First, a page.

Smart Borrower Blog

Mortgage Lending Fell to 16-Year Low in 2011

Sep 19th, 2012 @ 10:01 AM by Amber Nelson

The number of mortgage loans made last year dropped dramatically, reaching a 16-year low, a likely result of strict lending standards, according to new information from federal bank regulators this week.

In 2011, U.S. banks made a total of 7.1 million mortgage loans, a 10 percent decline from 2010. The total yearly count has not been that low since 1995 when it was 6.2 million.

Breaking down those numbers, refinance loans decreased 13 percent last year, while home purchase loans only dropped by 5 percent. (Although they are now 64 percent below the housing boom peak level in 2006.) The number of mortgage loans for owner-occupied homes – not bank-owned or rentals – declined 7.2 percent.

Declines varied by area, though, with regions most affected by the housing bust seeing the biggest drop in home loans. In those place, mortgage lending for owner-occupied homes fell 13.8 percent on average, while in not-so-hard-hit areas, the average was a decrease of only 3.3 percent.

The information was collected in a survey of 7,600 lenders, as part of the Home Mortgage Disclosure Act, and was conducted by bank regulators including The Federal Reserve, the National Credit Union Administration, the Office of the Comptroller of the Currency, the Consumer Financial Protection Bureau, the Federal Deposit Insurance Corp. and the Department of Housing and Urban Development.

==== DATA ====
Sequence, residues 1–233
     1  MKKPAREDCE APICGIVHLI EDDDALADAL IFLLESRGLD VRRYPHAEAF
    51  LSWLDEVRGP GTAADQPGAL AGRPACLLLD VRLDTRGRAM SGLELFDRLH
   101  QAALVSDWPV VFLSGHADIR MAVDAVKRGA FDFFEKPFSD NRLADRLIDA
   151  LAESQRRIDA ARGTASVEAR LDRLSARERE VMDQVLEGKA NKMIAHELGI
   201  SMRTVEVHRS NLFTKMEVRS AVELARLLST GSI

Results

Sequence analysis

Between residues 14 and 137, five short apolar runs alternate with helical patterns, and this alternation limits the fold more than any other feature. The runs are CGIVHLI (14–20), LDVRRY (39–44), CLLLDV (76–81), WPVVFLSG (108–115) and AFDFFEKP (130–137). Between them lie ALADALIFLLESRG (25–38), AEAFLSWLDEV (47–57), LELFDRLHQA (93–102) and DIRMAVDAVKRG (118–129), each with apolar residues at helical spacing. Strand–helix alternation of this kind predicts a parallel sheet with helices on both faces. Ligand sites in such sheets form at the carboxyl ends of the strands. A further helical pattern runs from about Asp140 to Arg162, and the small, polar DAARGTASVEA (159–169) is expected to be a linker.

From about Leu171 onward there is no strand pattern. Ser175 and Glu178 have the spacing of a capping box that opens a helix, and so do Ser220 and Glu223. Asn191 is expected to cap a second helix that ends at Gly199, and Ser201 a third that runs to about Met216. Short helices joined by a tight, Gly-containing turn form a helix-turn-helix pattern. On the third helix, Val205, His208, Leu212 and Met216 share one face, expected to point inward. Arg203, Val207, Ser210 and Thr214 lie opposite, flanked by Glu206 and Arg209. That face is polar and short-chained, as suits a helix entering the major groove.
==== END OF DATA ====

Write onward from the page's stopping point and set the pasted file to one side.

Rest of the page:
High credit standards seem to continue to be a roadblock to more mortgage lending. Lenders stepped way back from making subprime home loans in the wake of the housing bust as their books and investors took huge losses from those failed mortgages. Much higher credit scores have been the norm for the past several years. For example, the median credit score for approved loans is now up 40 percent since 2006.

Because of these tightened credit standards, “the impact of lower mortgage rates on housing is probably less powerful than normal,” said William Dudley, president of the Federal Reserve Bank of New York, in a speech on Tuesday in Florham Park, N.J. as quoted in a Wall Street Journal piece. “The difficulties of households with lower credit scores in obtaining mortgage credit warrants ongoing attention.”

About Amber Nelson
Amber Nelson is a seasoned mortgage industry writer and a regular contributor to and

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